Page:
December 19, 2022

How to Use a Web3 JS Call Contract Function

Table of Contents

Have you been wondering how to use a Web3 JS call contract function but couldn’t find a simple solution? If so, the following code snippet is all you need:

const response = await Moralis.EvmApi.utils.runContractFunction({

Thanks to the “runContractFunction” endpoint from Moralis, you can now use your JavaScript (JS) skills to interact with smart contracts. Now, if you’ve worked with Moralis before, you know exactly what to do with the above lines of code. However, if this is your first rodeo with this ultimate Web3 API provider, make sure to complete the tutorial presented in this article, which will teach you how to use a Web3 JS call contract function. To get ready for that feat, don’t forget to create your free Moralis account.   

scale with moralis


As you may know, JavaScript (JS) continues to be the most popular programming language for web development. Furthermore, thanks to exceptional solutions, like those offered by Moralis, JS is shaping to be the go-to language for decentralized applications (dapps) as well. Consequently, your JavaScript proficiency is all you need to join the Web3 revolution that’s already disrupting countless industries. Moreover, while smart contracts play a vital role in how things function on the blockchain, you don’t have to learn to write smart contracts to start creating killer dapps. Sure, down the road, you will probably tackle that aspect of Web3 development; however, you can build all sorts of dapps that interact with existing smart contracts. This is where a proper Web3 JS call contract function simplifies things.  

a block engraved with the title javascript

Moving forward, we will first help you understand what a Web3 JS call contract function is in the first place. While covering that, you will also learn about “call” and “send” smart contract functions. Then, we will take you through a step-by-step tutorial to help you properly implement the above-presented code snippet. You will learn how to obtain your Moralis Web3 API key, install the JS SDK, and how to call smart contract function from JavaScript through an example NFT project. By completing this tutorial, you’ll be ready to utilize the rest of Moralis’ API. Moreover, this is where the EVM API documentation will help you take things to the next level.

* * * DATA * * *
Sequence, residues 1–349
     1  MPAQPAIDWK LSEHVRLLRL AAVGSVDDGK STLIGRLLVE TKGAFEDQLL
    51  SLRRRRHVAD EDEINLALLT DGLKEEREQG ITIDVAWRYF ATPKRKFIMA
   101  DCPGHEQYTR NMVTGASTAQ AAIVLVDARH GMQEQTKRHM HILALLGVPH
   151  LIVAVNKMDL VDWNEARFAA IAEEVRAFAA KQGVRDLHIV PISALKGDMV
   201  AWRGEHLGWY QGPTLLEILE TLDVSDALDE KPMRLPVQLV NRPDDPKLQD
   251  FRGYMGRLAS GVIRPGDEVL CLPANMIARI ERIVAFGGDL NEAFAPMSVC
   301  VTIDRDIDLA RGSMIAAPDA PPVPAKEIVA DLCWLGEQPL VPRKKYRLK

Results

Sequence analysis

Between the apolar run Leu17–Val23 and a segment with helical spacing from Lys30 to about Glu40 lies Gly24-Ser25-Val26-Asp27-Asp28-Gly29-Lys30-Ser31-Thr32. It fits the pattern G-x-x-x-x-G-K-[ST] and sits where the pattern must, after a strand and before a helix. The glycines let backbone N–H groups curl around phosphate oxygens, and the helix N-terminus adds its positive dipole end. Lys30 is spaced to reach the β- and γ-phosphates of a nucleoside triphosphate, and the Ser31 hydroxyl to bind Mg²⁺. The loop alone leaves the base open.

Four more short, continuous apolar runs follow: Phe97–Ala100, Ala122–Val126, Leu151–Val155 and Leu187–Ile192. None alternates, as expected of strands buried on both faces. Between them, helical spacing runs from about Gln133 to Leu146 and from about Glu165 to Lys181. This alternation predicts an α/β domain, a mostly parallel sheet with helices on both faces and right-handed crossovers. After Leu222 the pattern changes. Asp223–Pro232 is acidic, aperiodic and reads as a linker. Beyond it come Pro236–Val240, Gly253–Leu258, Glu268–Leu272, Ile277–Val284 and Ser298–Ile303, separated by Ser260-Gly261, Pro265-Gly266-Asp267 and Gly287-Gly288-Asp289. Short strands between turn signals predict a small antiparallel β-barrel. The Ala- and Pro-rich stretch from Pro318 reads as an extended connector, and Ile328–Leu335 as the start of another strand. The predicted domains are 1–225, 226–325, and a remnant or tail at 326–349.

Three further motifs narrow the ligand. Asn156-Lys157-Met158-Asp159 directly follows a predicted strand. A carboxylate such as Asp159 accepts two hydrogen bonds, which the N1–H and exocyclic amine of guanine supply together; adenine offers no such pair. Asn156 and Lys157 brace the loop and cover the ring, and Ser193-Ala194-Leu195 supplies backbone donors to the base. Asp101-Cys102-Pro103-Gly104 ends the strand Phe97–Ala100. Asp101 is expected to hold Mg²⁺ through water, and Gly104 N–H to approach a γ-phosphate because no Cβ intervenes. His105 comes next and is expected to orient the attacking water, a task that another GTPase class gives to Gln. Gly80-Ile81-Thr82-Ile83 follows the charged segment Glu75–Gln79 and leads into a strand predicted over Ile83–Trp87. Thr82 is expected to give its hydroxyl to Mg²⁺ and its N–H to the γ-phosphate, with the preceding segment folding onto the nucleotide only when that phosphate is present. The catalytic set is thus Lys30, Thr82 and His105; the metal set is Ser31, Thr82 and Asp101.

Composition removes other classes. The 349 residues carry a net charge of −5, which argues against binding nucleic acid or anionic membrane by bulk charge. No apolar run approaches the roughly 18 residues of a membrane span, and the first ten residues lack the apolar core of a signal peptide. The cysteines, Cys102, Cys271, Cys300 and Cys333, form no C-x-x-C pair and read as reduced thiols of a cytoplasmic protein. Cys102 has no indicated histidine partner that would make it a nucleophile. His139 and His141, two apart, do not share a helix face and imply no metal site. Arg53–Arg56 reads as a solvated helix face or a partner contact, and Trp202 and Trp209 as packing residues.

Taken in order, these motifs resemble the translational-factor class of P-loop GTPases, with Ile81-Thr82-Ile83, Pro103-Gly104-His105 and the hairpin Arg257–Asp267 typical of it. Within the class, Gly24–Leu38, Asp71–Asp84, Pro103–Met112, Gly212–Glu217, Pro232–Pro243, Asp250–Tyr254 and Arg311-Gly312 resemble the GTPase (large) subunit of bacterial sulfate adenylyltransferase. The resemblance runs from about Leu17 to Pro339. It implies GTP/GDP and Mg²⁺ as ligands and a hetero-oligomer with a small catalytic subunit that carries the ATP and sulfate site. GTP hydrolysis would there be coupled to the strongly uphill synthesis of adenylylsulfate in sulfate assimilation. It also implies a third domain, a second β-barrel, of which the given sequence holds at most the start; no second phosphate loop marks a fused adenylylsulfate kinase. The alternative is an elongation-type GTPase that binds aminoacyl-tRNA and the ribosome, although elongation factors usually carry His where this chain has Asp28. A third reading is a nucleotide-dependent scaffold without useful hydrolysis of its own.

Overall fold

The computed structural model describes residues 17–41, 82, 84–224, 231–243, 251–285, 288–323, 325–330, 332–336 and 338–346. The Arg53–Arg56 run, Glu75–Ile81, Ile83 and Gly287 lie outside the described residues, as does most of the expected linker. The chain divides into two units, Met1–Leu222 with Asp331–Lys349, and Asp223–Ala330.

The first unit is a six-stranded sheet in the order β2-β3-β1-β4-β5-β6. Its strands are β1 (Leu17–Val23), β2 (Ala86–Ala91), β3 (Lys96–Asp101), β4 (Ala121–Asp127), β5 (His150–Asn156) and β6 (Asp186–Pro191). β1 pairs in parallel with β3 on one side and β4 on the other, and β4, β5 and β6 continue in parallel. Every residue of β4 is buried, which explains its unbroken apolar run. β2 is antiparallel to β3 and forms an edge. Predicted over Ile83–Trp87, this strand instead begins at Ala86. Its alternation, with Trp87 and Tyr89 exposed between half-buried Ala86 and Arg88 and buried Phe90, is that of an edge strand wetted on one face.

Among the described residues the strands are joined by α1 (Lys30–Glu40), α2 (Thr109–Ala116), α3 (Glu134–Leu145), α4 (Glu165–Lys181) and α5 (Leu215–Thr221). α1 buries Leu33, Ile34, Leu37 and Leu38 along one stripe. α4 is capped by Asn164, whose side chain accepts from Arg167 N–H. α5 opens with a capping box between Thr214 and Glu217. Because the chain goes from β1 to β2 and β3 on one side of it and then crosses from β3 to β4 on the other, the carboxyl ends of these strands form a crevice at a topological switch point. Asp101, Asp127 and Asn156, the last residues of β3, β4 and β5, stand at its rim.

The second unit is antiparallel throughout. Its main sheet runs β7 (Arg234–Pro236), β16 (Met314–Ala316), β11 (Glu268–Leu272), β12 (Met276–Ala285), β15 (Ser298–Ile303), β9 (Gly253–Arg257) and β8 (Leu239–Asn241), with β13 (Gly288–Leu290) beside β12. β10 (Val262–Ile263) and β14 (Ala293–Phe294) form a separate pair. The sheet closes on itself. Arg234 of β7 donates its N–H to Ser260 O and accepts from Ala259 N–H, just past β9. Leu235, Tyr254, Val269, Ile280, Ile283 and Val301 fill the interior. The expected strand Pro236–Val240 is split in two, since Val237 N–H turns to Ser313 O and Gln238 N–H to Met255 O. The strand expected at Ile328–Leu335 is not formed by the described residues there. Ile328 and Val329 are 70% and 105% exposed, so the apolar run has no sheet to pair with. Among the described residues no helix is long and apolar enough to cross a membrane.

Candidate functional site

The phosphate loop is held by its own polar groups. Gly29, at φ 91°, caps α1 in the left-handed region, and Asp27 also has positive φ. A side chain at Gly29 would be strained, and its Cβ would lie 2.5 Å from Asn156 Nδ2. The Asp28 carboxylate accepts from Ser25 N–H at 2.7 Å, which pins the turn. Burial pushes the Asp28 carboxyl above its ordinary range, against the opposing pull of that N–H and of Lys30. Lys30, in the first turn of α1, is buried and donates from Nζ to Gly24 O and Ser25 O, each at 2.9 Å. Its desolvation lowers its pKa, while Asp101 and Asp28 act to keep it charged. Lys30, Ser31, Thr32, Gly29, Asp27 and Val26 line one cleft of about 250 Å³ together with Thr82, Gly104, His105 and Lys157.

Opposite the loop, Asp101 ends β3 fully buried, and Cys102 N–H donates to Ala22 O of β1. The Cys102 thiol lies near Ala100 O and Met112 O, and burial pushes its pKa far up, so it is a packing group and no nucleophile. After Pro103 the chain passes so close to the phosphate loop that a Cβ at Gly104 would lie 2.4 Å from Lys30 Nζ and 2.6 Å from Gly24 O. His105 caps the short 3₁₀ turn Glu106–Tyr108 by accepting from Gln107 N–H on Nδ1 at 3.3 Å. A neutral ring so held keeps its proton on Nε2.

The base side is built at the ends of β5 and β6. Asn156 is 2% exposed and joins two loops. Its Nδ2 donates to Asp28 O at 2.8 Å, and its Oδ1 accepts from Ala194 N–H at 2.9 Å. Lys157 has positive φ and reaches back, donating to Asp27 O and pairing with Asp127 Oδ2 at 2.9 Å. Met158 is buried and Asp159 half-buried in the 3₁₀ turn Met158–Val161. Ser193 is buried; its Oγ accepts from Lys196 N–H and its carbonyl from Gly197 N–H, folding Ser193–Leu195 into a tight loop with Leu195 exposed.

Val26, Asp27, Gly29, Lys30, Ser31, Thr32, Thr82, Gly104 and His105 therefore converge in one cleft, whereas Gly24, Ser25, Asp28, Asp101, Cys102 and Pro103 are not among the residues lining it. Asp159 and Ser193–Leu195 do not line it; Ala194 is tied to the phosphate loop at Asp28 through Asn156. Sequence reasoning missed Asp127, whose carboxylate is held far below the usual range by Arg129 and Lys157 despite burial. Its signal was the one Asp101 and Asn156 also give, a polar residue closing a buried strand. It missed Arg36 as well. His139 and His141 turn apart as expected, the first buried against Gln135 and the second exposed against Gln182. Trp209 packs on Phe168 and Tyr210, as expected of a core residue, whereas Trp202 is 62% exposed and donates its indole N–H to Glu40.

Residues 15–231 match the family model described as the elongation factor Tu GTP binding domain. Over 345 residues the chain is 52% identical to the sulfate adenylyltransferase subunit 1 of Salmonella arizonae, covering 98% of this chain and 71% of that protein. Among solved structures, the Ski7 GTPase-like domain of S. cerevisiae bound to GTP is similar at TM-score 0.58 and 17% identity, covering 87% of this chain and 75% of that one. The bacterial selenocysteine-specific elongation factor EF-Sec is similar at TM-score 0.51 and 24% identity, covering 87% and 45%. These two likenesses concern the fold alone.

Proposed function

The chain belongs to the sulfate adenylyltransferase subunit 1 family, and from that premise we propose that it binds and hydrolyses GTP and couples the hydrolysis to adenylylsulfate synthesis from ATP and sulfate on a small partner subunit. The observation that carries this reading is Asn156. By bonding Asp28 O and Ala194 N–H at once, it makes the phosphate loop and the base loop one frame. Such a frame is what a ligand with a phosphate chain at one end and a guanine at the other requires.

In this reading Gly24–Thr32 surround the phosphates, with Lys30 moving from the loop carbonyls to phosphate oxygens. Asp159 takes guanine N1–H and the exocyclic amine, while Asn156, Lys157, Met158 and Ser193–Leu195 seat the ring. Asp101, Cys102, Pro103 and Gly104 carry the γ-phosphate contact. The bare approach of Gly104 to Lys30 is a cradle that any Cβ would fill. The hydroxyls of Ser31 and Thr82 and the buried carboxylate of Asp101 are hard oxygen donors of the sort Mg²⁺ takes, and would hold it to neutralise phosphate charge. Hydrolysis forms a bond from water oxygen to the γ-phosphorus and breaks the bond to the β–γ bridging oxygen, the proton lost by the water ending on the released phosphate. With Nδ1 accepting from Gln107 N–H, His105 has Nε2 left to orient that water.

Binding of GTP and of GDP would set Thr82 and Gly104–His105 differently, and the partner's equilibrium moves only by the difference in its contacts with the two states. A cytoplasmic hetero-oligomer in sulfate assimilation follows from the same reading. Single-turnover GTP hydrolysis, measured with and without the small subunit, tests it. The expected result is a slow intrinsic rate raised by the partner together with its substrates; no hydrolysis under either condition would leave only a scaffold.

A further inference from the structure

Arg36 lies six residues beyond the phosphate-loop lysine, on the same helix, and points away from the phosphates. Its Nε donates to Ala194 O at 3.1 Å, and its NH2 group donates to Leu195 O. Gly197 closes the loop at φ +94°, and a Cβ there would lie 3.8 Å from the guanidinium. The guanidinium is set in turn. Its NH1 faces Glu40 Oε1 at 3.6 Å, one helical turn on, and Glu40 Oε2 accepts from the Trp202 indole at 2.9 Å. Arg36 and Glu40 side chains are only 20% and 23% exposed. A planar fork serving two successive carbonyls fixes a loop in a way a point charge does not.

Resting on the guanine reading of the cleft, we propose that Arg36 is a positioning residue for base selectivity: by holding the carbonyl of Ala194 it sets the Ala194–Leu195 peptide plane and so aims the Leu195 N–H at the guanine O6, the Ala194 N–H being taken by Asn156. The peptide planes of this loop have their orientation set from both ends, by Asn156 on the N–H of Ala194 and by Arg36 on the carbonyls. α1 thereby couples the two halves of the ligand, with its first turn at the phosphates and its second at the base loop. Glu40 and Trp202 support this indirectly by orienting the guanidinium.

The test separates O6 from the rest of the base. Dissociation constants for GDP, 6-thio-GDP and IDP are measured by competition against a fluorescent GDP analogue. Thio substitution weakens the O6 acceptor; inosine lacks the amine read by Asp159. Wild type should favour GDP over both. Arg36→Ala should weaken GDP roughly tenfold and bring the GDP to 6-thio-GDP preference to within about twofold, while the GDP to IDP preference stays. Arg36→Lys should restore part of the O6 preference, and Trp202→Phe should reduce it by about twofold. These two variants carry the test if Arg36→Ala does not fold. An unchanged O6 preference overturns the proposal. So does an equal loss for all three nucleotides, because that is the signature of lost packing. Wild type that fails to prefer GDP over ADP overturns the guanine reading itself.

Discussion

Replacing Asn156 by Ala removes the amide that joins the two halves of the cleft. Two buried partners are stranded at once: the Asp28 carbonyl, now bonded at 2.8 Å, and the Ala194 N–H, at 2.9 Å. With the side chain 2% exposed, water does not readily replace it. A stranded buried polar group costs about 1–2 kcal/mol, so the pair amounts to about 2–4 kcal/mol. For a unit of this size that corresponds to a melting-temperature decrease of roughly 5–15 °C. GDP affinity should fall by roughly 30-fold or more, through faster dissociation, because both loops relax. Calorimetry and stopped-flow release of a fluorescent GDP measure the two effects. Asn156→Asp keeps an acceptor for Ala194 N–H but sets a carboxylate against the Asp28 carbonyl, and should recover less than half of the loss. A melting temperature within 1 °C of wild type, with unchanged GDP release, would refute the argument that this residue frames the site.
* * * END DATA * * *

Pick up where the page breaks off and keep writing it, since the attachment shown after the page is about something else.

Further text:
graph illustrating a web3 js call contract function reading data from a series of blocks in a blockchain network

JavaScript (JS) for Web3 Contract Functions

JavaScript is the leading programming language and is also quite influential and impactful. Hence, using it with Web3 programming can speed up the adoption of new technologies. However, before you start working with a Web3 JS call contract function, you need to understand what Web3 contract methods or functions are. To understand the latter, you need to know the basics of Web3 and smart contracts. 

Web3’s emerging iteration of the web was initiated with the birth of blockchain technology. While Web1 was read-only, it evolved into Web2, which perfected read-write functionalities. Also, note that Web2 is the internet that most users utilize. However, Web3 is evolving fast as more and more people start to appreciate its potential. Furthermore, Web3 takes the features of Web2 and adds the ownership component through decentralized networks such as Ethereum. Of course, we are still in the early phase of the Web3 era, where mainly devs and tech-savvy individuals use the decentralized internet. That said, blockchain use cases, such as transactions via Bitcoin without intermediaries, and NFTs where users can actually own items 100%, are making a lot of noise, and mainstream adoption is poised to happen in the upcoming years.